The Closing of Borders Brings New Concerns

Borders in Simsbury gets ready to close.

Last week, Borders, the book and music empire, announced that it would be closing some of its stores in Connecticut. This was certainly a shock to many, including myself who shops at the Simsbury location, just down the road from The Shoppes at Farmington Valley and a quick 20 minute drive from Torrington. During the holiday season, I could be found catching up on s few books and magazines inside the stores Seattle’s Best Coffee Shop, a great place to unwind as you kick back with a custom-made coffee as well as a good book. It was certainly the place to be as many enjoyed this awesome little hideaway with me.

Borders wasn’t the only bookstore in the area, however. Barnes & Nobles, the king of book retailing is located just around the corner at The Shoppes at Farmington Valley. I have come to enjoy this place as well with its book nook environment. Speaking of Nooks, Barnes & Noble by far out beat Borders in the e-reader market when it launched the Nook, which was an instant success amid fears from analysts in the industry who thought there would be no market for this sort of thing. Wow, were they ever wrong. Almost everyone I know has a Nook. In fact, I even have the Nook app on both my iPhone and iPad.

One has to sit back and wonder, however, was the e-reader one of the many things that hurt Borders? Although they had a similar one, they were too late to capitalize anything off of it as Barnes & Noble by far gave them a run for their money. Something that I always preach, as a manager in the retail environment, is that you have to stay ahead of the competition. You have to consistently look into ways into being more innovative as well as more progress based of course. It seems to me, that Borders became a follower of Barnes & Noble rather than to go off on their own path, which is how many of today’s businesses succeed in the market place.

With Borders closing comes new concerns, however, and that concern is the fight for books in Torrington. Many in town would like to see a bookstore here, and quite frankly I don’t blame them. Though it is only a 20 minute drive to the Barnes & Noble to The Shoppes at Farmington Valley, as well as a 20 minute drive to the Barnes & Noble in Waterbury, it is still a drive none the less, and a drive that can sometimes be daunting, especially at night as the roads to and from these locations are unlit. Many have sent e-mails to both Borders and Barnes & Noble asking them to come to town, but both have said that they won’t make the investment into the area, and now we know why Borders won’t come as they have filed for bankruptcy.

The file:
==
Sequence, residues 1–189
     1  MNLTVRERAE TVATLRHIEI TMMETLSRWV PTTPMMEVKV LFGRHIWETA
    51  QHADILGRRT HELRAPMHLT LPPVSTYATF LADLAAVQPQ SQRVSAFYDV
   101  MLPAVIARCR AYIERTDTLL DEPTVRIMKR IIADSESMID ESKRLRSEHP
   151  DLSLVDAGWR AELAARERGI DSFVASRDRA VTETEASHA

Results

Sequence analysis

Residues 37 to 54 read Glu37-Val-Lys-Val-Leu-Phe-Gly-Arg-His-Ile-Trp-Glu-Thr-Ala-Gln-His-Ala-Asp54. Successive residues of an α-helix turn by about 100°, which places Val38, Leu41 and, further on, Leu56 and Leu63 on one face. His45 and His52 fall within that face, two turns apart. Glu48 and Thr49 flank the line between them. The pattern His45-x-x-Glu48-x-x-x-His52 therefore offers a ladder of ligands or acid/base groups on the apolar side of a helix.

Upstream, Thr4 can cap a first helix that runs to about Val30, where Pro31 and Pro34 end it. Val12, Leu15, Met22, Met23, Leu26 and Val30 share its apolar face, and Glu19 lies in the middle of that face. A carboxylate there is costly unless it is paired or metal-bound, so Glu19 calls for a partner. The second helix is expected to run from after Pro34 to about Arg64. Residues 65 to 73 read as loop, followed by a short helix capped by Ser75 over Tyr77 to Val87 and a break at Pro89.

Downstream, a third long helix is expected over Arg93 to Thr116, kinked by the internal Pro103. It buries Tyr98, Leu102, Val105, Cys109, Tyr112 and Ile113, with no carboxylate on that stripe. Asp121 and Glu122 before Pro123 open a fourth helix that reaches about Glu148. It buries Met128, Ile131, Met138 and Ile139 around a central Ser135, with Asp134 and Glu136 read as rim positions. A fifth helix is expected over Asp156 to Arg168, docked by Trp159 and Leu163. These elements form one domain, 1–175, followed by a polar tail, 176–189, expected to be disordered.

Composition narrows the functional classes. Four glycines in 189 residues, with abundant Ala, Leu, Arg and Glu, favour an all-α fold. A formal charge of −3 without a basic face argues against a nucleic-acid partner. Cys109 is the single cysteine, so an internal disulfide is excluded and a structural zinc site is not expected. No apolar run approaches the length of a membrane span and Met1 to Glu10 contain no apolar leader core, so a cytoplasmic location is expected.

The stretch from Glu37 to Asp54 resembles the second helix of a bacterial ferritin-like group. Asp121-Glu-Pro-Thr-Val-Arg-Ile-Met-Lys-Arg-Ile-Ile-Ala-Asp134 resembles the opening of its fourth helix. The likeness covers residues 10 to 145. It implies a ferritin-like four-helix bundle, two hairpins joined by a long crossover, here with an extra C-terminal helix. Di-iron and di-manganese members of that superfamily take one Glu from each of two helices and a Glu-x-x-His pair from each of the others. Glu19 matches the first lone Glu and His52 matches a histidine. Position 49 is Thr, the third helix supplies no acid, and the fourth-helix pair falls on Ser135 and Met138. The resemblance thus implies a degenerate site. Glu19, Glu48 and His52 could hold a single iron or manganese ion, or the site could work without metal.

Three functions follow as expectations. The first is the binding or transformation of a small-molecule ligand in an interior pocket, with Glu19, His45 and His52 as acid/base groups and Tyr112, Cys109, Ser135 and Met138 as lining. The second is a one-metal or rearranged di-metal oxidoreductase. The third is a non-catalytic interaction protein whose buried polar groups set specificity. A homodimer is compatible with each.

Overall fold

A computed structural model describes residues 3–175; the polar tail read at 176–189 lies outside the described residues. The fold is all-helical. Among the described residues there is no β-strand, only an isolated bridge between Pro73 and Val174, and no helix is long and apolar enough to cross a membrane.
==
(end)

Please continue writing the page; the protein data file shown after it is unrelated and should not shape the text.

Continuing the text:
The concern is real, and as another bookstore in the region closes, the fight is still on to bring a bookstore to Torrington. One has to wonder, however, if there is a great deal of people asking for one, why hasn’t anyone made any moves to build one?


3 Comments Add yours

  1. How do you feel about the used book concept Mike? I’m starting it in my place, and if it becomes successful enough, I’ll be able to branch out into the space below or next to me. Still small, but still a book store. I prefer to keep it small and homey anyhow:)



    1. Sharry,

      The used book concept is a profound idea, and one that should be implemented quickly here in the northwest corner as we mainly have a blue collar population and used books are affordable! There is, without a doubt, an incredibly huge book market to capitalize on as we speak here in Litchfield County as there aren’t all that many bookstores in the region. Once one opens, I’m sure it will have lasting success.

      Mike Valletta
      In Touch…with the Litchfield Hills
      Your Source for Everything Litchfield County!


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